iPhone v Pre - the celebrity smartphone deathmatch
Every feature unearthed, every quirk revealed
Now it gets weird
Searchability: Here's where things get a bit weird. The iPhone wants you to browse to find things - although the new Spotlight search supplements that method of navigation. The Pre, on the other hand, wants you to search for stuff. (Ars Technica, by the way, has an well-reasoned article on the philosophical underpinnings of these two approaches).
The iPhone's search is a straightforward utility that you access by flicking to the left of the home page. You type in your query and are presented with whatever matches - be it a contact, app, email sender or subject, or calendar event.
The Pre introduces two concepts that affect its searchability: Palm Synergy and Universal Search. The problem with the former is that it's marred with version 1.0 wrinkles, and the problem with the latter is that it isn't - universal, that is.
Palm Synergy attempts to meld all of your contacts from disparate sources - Facebook, Google, Exchange, iCal, and Address Book, for example - and mash them up into a single über-contact list. When Pal Synergy finds duplicates, it attempts to meld them into single entries, combining the data on each into one record.
And it does a pretty good job. However, if you - like I - have well over a thousand contacts, "pretty good" doesn't feed the bulldog. You can delve into the Pre's Contacts app and manually combine Synergy-missed duplicates into single records, but doing so is tedious and time-consuming.
Few apps can be seen on one of the Pre's three Launcher screens (left), compared with many more on one of the iPhone's 11 home screens (right) - so search, don't browse
What's worse is that there's no way to separate contacts imported from one account from contacts imported from another. Your Facebook contacts, for example, sit right next to your Exchange contacts in the aforementioned über-contact list.
You'd think that combining all those contacts into one megalist would create one long, difficult-to-scroll-through list - but it's actually worse than that on the Pre.
Contrast the Pre with the iPhone's contact list, which includes the alphabet running down the right side so that tapping a letter in that list jumps you to contacts beginning with that letter. The Pre's contact list, even though it's composed of everyone in your known universe, has no such shortcut.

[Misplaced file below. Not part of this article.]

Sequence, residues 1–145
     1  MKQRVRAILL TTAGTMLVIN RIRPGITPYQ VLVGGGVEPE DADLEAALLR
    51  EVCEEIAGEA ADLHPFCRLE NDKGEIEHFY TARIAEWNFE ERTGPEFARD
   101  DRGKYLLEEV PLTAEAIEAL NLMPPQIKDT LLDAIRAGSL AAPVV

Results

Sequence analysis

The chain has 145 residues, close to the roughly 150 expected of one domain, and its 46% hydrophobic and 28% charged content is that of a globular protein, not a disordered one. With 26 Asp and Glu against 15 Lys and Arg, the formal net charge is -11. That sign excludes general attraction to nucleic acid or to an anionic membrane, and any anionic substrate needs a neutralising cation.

The Pre doesn't want you to scroll. It wants you to search. To find a contact, you can scroll if you want, but the Pre would prefer that you begin typing on that benighted keyboard, and it will immediately narrow the list down to contacts that match your entry. The iPhone will do the same, but it also offers the opportunity to use that alphabet UI.
This search-not-browse attitude suffuses the Pre experience - which leads us to Universal Search.
Whenever there's no active app - either none has been launched or all have been minimized - typing on the keyboard begins a Universal Search. Universal Search will then list all the contacts and apps that begin with the typed letters, contacts who work for companies that match the letters, even contacts whose first and last names begin with two typed letters.
For example, typing "in" will bring up the app named Device Info, contacts who work for Intel, plus Ingmar Bergman, Izzy Neustein, and Robert Indiana. What it won't bring up, though, are any email messages with "in" in their subject or sender field, nor calendar events with "in" in their subject lines.
Search-not-browse also points to why there are no Favorites in the Pre's dialer, and why there are only three screens in the Pre's application Launcher, each of which can only display nine app icons and names before you have to scroll to see more. The Pre wants you to find both contacts and apps by searching for them using Universal Search.
The iPhone allows you to search for apps using its Spotlight search function, but it also gives you up to 11 home screens of 16 apps each, none of which needs to be scrolled to allow you to see more.
Universal search may be powerful, and with some refinements it should become even more so, but I prefer the iPhone's "have it both ways" attitude towards finding what I want.
Searchability advantage: iPhone 3GS